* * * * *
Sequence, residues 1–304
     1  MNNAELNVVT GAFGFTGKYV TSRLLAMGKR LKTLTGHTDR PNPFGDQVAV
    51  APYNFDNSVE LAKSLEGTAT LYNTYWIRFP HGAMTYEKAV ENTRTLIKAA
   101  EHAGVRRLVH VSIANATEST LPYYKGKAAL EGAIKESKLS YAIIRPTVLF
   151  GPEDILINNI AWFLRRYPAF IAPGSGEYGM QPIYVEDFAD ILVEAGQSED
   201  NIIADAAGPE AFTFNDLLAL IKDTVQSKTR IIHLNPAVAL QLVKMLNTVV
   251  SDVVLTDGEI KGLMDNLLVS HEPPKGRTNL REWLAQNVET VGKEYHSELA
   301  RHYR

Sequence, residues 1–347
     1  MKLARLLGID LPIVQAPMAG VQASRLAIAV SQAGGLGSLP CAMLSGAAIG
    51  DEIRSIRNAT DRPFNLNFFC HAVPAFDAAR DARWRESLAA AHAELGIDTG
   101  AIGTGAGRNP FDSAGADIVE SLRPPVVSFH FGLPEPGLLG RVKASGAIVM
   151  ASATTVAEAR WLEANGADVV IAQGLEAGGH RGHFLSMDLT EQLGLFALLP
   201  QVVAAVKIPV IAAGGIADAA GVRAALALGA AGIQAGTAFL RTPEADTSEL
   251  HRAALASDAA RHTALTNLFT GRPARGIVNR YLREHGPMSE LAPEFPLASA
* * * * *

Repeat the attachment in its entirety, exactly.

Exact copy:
Sequence, residues 1–304
     1  MNNAELNVVT GAFGFTGKYV TSRLLAMGKR LKTLTGHTDR PNPFGDQVAV
    51  APYNFDNSVE LAKSLEGTAT LYNTYWIRFP HGAMTYEKAV ENTRTLIKAA
   101  EHAGVRRLVH VSIANATEST LPYYKGKAAL EGAIKESKLS YAIIRPTVLF
   151  GPEDILINNI AWFLRRYPAF IAPGSGEYGM QPIYVEDFAD ILVEAGQSED
   201  NIIADAAGPE AFTFNDLLAL IKDTVQSKTR IIHLNPAVAL QLVKMLNTVV
   251  SDVVLTDGEI KGLMDNLLVS HEPPKGRTNL REWLAQNVET VGKEYHSELA
   301  RHYR

Sequence, residues 1–347
     1  MKLARLLGID LPIVQAPMAG VQASRLAIAV SQAGGLGSLP CAMLSGAAIG
    51  DEIRSIRNAT DRPFNLNFFC HAVPAFDAAR DARWRESLAA AHAELGIDTG
   101  AIGTGAGRNP FDSAGADIVE SLRPPVVSFH FGLPEPGLLG RVKASGAIVM
   151  ASATTVAEAR WLEANGADVV IAQGLEAGGH RGHFLSMDLT EQLGLFALLP
   201  QVVAAVKIPV IAAGGIADAA GVRAALALGA AGIQAGTAFL RTPEADTSEL
   251  HRAALASDAA RHTALTNLFT GRPARGIVNR YLREHGPMSE LAPEFPLASA